Bitcoin projected to become first monetary system to hit net zero emissions by 2024

Bitcoin projected to become first monetary system to hit net zero emissions in December 2024

Bitcoin (BTC) continues to receive criticism regarding its carbon footprint impact as the asset records significant adoption in different jurisdictions. However, the situation might be changing, especially with mining operators increasingly opting for renewable sources of energy in a bid to reduce carbon emissions. 

In particular, Bitcoin is reportedly set to achieve a net zero emission by December 2024, becoming the first monetary system to attain the feat, a new study by BatCoinz indicates. 

According to the study, the Bitcoin network currently has 62.4% zero emissions by factoring in carbon-negative mining. By March 2023, the activity is expected to have 72.7% zero emissions based on newly announced carbon-negative projects. 

Bitcoin net zero emission trendline chart. Source: Bat Coinz

Under the methodology, the researchers calculated the amount of Bitcoin energy emanating from positive carbon sources and then derived the positive carbon quantity. Additionally, the researchers reverse-engineered to calculate how much methane would need to be removed from the air through combustion to counter-balance the negative carbon quantity. 

Bitcoin’s road to carbon neutral 

The study’s conclusion is based on the use of flared gas to power Bitcoin mining which has been growing by 8.3 MW per month since May 2021.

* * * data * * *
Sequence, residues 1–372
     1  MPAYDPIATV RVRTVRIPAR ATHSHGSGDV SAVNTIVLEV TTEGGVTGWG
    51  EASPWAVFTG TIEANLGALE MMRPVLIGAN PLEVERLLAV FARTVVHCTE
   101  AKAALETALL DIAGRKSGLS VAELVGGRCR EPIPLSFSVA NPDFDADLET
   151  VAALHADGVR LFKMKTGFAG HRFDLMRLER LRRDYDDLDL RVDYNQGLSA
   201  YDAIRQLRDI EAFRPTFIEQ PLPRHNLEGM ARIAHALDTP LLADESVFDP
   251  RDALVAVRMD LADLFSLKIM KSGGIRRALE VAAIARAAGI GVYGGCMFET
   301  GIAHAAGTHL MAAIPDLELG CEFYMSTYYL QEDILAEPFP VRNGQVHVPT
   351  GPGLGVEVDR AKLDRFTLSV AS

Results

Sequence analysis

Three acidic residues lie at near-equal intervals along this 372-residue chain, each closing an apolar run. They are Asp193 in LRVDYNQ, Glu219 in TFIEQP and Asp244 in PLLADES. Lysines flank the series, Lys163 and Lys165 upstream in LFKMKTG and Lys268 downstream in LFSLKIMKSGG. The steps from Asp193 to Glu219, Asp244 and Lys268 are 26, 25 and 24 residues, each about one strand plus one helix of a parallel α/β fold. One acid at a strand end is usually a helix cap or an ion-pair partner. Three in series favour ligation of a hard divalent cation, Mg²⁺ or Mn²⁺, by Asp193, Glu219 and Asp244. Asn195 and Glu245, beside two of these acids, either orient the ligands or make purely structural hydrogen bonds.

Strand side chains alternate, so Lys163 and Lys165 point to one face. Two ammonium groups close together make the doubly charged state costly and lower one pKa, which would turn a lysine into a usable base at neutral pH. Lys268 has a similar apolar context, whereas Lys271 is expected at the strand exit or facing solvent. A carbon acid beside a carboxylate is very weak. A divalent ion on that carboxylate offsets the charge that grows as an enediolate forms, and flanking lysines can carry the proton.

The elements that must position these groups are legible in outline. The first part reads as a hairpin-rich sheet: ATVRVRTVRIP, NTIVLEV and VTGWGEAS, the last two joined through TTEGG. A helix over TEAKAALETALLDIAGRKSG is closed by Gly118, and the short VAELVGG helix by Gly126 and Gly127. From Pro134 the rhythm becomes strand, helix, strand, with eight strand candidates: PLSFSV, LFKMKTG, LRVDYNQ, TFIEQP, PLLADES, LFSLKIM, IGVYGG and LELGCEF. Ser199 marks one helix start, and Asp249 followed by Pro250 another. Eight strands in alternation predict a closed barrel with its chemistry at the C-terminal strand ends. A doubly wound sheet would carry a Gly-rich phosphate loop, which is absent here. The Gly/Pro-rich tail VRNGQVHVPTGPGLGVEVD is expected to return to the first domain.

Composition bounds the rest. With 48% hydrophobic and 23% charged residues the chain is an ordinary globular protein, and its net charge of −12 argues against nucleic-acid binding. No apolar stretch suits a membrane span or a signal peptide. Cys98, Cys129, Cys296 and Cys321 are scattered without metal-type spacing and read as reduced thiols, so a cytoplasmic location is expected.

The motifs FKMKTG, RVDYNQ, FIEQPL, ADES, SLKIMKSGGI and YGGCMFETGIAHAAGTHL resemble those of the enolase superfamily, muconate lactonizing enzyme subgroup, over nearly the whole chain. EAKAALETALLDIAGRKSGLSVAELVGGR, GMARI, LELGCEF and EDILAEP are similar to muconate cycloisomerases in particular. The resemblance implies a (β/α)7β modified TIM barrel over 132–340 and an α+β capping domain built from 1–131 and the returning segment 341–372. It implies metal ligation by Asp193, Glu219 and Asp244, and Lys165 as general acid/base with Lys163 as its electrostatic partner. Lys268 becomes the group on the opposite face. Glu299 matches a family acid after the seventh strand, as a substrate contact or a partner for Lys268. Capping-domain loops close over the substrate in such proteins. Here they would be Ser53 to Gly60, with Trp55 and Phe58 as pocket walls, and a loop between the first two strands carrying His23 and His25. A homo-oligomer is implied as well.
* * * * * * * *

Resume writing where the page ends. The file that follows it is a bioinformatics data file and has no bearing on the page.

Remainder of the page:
“We anticipate that Bitcoin mining using vented methane as power will initially grow at only 83% of the growth rate of flared gas mining (6.9 MW/month). Based on this more modest growth rate, we forecast that the Bitcoin network will become carbon neutral in Q4, 2024 fully,” the study said. 

Furthermore, the analysis acknowledged that the hash rate would likely increase alongside energy consumption with Bitcoin’s growth. However, the study pointed out that renewable network usage and miner efficiency are also rising and will offer a counter-balance to the hash rate. 

In general, Bitcoin’s carbon footprint has come under scrutiny from different jurisdictions, with the topic becoming a regulatory focus point. For instance, the White House commissioned a study to determine Bitcoin and crypto power consumption to influence the country’s regulatory policy. 

At the same time, different mining operators have increasingly turned to renewable sources to curb their carbon footprint impact.

In this line, as reported by Finbold on August 9, electricity demand by Bitcoin has dropped 21% since the start of the year. Notably, the drop coincided with the ongoing crypto market meltdown. 

However, it will be interesting to monitor how Bitcoin’s net zero emissions influence the regulatory aspect. This comes as jurisdictions like New York outlawed establishing new proof-of-work (PoW) mining activities.